Music Interview: Holy crap! Nuts and corn

By Nolan Lewis

Hip-hop music has been steadily declining since its glory days in the ’80s. The emcee evolved from a street conscious spokesman of the urban culture to a Scarface-quoting, gun-totting, womanizing “gangsta.” As a result, hip-hop music has become a pile of steamy repetitive thug crap. But underground Canadian hip-hop label Peanuts & Corn is here to pinch off a nugget of that substance missing from hip-hop for the last 10 years.

Now celebrating their 35th release and its 11th year, Peanuts & Corn still releases records at an amazing rate and alienated fans of mainstream rap are starting to take notice. mcenroe, founder of PC and emcee, has been featured on the label’s last three releases, the newest from his group Farm Fresh–a solo EP and a collaborative effort with Vancouver’s Birdapres.

“2004 was the first year that I would wake up every day and my main objective was the Peanuts & Corn label–no day job, no other lines of business,” says mcenroe.

This focus resulted in a barrage of releases for the label in the last four months.

mcenroe and Birdapres’s collaboration on Nothing is Cool garnered them some attention outside of Canada. Some reviewers praise their originality in bringing back an old school feel to hip-hop.

“A few U.S. reviews have had that angle, others think we’re old school [and that’s bad],” says mcenroe. “Others think we shouldn’t rap because of the colour of our skin, we hear more consistent praise and understanding of what we are all about from Canada and Europe.”

The cynical voice of two kids who were always picked last for dodgeball in gym class can be heard in some of the lyrics on the album. mcenroe and Birdapres go as far as to attack the genre for neglecting them as long as it has.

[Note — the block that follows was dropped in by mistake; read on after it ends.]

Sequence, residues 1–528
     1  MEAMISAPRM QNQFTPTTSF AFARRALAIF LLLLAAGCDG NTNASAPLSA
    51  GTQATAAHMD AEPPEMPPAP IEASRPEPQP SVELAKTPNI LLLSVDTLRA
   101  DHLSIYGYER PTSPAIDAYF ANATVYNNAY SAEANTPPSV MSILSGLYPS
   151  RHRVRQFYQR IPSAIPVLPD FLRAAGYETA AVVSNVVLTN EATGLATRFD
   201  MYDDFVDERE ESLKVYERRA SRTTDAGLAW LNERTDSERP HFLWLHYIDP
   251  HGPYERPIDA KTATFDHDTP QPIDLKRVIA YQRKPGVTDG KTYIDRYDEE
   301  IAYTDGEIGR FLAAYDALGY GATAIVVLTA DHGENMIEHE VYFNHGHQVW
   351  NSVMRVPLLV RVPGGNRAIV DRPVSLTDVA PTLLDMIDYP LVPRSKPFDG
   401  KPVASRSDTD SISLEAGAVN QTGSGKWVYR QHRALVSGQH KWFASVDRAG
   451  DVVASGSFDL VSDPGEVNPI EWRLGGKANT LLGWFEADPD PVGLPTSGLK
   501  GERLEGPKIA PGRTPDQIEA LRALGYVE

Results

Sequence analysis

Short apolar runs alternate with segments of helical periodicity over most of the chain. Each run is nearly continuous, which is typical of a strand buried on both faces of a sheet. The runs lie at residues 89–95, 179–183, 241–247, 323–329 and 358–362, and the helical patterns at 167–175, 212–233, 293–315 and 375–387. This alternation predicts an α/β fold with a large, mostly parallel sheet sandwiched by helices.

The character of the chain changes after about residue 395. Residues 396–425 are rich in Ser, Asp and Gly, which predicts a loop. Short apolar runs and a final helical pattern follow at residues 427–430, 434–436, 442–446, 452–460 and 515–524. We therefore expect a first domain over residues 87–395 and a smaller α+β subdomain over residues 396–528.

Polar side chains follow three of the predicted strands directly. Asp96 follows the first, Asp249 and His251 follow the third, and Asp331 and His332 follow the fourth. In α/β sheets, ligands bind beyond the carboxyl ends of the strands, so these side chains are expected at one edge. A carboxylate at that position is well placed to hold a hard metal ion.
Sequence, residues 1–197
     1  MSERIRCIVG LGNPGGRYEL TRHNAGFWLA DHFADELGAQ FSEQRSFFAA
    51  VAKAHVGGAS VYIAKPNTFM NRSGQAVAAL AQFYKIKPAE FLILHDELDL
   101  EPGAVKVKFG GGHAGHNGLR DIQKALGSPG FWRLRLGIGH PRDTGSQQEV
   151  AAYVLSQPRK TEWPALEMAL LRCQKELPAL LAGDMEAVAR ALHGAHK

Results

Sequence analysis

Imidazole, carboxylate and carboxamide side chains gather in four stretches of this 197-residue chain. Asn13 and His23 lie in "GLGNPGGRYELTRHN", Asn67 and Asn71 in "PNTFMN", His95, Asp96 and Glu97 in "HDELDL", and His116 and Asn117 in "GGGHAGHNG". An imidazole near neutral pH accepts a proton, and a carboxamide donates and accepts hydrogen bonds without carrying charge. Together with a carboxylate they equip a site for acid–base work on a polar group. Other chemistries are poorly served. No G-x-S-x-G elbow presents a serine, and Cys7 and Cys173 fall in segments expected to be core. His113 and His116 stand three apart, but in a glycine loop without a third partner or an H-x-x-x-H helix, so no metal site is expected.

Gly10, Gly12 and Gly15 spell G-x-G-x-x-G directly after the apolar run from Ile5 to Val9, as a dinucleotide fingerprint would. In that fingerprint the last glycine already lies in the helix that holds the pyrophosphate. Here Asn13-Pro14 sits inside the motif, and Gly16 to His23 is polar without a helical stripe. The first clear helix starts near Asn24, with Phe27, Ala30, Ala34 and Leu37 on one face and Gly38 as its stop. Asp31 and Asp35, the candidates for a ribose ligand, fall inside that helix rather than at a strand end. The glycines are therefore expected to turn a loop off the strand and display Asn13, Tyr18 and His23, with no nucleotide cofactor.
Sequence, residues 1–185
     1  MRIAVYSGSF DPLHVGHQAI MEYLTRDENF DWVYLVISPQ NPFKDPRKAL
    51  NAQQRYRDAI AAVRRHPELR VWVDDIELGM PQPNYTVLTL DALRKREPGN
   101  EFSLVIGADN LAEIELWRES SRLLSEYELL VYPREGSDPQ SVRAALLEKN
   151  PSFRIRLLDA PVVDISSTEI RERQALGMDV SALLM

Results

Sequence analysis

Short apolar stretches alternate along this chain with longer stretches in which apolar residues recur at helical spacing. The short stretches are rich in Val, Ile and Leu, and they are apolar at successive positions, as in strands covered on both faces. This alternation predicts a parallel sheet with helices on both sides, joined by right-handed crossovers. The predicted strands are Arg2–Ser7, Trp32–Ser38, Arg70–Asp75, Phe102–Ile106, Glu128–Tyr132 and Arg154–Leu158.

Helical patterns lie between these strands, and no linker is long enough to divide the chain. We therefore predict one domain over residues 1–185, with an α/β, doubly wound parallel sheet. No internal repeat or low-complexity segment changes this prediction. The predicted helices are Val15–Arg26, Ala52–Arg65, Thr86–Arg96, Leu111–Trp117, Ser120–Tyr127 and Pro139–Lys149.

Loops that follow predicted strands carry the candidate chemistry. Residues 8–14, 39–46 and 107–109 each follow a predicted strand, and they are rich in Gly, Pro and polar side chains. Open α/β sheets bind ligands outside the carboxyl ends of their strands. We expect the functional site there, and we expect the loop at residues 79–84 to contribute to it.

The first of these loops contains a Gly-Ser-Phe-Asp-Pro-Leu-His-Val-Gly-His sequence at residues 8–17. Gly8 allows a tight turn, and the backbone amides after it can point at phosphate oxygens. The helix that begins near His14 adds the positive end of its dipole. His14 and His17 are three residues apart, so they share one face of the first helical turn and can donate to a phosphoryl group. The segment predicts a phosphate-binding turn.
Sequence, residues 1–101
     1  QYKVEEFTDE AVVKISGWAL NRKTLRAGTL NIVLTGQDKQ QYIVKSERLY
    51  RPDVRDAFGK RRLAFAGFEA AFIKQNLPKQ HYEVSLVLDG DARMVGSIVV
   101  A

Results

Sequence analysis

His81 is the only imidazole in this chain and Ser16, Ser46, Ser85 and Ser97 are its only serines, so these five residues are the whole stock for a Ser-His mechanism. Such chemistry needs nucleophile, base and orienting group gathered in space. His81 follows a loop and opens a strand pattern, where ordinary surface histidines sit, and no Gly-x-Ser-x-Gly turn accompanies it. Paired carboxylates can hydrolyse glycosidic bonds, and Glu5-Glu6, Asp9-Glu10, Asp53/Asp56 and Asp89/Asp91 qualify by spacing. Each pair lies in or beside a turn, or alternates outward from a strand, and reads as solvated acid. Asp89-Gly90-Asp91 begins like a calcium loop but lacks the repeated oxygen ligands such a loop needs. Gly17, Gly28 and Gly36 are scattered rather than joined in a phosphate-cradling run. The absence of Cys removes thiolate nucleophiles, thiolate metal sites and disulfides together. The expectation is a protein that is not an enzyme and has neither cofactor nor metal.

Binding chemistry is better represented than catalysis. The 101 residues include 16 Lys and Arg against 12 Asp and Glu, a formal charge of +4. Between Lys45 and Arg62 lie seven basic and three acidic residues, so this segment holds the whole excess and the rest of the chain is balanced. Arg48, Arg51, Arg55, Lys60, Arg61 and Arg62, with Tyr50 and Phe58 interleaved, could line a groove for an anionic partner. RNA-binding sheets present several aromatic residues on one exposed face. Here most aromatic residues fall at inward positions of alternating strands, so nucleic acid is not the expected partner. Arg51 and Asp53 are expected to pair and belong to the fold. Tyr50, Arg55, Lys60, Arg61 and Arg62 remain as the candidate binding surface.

“I am not as cynical about music and hip-hop in general as I maybe come across,” says mcenroe. “I love music and I am a big fan of hip-hop.”

The album boasts witty rhymes and inventive beats produced by both mcenroe and Birdapres, with influences going beyond the hip-hop of yore. Conceptually, mcenroe admits to being influenced by punk music in addition to ’80s pop.

“I have been a music fan for a long time, not just hip-hop. I love so many kinds of music and it influences me a great deal.”

The Nothing is Cool album is turning heads in the hip-hop community worldwide and drawing a lot of attention for PC. With each release the label sprays a whiff of air freshener into a genre overpowered by the scent of feces. And with their furious pace of producing albums, they are snowballing to the forefront of the underground Canadian hip-hop scene. The modest mcenroe has his doubts on the possibility of the worldwide hip-hop scene squeezing out more peanuts and corn than actual offal.

“Realistically, it is not likely on a large scale. The realm of popular music and what we do is just too different.”

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